MINIMUM WAGE HIKE ALL BUT DEAD IN U.S. COVID RELIEF BILL
Democrats’ efforts to include a minimum wage increase in their $1.9 trillion COVID-19 relief bill seemed all but dead Monday as Senate leaders prepared to begin debate on their version of the House-passed aid package, Alan Fram reported for the Associated Press (AP).
Top Democrats abandoned a potential amendment threatening tax increases on big companies that don’t boost workers’ pay to certain levels, Senate aides said. Four days after the chamber’s parliamentarian said Senate rules forbid the inclusion of a straight-out minimum wage increase in the relief measure, Democrats seemed to have exhausted their most realistic options for quickly salvaging the pay hike.
“At this moment, we may not have a path, but I hope we can find one” for pushing the federal pay floor to $15 an hour, said No. 2 Senate Democratic leader Richard Durbin of Illinois.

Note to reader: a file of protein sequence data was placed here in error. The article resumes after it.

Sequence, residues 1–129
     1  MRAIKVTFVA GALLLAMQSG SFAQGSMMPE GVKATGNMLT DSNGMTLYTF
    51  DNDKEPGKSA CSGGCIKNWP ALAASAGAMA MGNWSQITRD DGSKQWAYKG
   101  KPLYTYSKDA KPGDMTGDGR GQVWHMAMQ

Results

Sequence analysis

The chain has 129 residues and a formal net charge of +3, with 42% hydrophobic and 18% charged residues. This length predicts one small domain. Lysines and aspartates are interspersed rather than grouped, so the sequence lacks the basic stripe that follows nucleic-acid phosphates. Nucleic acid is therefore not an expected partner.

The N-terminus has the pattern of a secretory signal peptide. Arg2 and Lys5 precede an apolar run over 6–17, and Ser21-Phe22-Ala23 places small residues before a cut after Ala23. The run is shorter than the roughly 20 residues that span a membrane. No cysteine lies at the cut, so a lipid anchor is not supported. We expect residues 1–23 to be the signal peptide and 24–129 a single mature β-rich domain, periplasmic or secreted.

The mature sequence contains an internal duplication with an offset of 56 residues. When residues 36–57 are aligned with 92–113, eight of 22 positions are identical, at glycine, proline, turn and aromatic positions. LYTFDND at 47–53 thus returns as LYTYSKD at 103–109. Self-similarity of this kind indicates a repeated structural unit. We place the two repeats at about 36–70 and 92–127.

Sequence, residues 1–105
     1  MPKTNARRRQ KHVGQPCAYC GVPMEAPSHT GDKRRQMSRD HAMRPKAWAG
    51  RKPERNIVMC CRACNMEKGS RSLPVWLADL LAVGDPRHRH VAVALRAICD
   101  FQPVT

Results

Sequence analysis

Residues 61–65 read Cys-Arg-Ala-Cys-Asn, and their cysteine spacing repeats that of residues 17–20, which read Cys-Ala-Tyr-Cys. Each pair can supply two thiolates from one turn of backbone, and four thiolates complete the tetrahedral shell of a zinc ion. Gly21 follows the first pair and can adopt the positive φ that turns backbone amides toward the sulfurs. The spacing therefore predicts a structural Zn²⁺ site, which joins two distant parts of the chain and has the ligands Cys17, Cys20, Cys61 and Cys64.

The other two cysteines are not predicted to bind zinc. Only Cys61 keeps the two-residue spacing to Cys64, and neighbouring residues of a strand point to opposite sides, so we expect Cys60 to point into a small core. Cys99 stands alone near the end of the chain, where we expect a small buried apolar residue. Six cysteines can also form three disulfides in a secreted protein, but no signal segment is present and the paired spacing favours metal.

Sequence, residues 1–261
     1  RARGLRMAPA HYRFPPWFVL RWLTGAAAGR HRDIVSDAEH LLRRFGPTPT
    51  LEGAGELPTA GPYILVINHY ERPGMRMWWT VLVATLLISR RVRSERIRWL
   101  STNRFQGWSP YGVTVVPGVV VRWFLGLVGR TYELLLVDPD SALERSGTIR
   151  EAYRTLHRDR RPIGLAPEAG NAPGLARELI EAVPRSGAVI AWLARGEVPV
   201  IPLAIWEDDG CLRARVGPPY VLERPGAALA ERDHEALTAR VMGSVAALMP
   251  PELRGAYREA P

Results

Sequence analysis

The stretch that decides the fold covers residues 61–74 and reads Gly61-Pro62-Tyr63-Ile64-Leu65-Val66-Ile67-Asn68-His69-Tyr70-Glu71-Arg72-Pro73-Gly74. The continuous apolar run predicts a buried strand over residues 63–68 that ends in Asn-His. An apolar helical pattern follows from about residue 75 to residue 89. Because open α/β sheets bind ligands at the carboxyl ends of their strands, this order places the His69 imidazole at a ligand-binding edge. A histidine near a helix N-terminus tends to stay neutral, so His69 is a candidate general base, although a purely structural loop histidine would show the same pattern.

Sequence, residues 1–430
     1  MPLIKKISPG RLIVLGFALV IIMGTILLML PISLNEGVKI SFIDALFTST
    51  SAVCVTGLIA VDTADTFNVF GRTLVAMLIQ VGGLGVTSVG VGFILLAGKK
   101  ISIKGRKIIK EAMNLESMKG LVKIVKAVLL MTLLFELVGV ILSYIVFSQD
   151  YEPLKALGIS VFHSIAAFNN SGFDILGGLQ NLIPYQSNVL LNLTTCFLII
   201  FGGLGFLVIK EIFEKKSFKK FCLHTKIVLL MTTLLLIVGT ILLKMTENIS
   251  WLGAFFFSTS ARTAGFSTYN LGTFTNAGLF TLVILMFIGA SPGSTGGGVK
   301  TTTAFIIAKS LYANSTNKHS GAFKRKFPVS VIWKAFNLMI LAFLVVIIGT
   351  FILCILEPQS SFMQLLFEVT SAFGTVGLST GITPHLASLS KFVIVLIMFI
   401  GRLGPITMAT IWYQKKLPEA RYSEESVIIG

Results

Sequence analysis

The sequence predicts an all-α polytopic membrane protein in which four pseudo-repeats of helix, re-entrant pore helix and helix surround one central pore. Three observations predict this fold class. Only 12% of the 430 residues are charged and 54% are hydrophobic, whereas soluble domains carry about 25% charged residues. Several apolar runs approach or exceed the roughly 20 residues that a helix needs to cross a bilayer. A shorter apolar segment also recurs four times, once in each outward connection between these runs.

Senate Democrats hope to unveil their version of the broad relief package and begin debate as early as Wednesday.
Congressional leaders want to send President Joe Biden the legislation combating the pandemic and bolstering the economy by March 14, the date emergency jobless benefits that lawmakers approved in December expire.
The bill is Biden’s biggest early legislative priority. It looms as an initial test of his ability to unite Democrats in the Senate — where the party has no votes to spare — and risks lasting damage to his influence should he fail.
Republicans are strongly against the legislation and could well oppose it unanimously, as House GOP lawmakers did when that chamber approved the bill early Saturday.
However, lawmakers can simply ignore the advice of the Senate parliamentarian.
Biden discussed the relief bill Monday in a virtual meeting with nine Senate Democrats, including Joe Manchin of West Virginia, an opponent of the $15 hourly target.
A White House statement said the group was “united in the goal of quickly passing a significant package that reflects the scope of the challenges our country is facing.”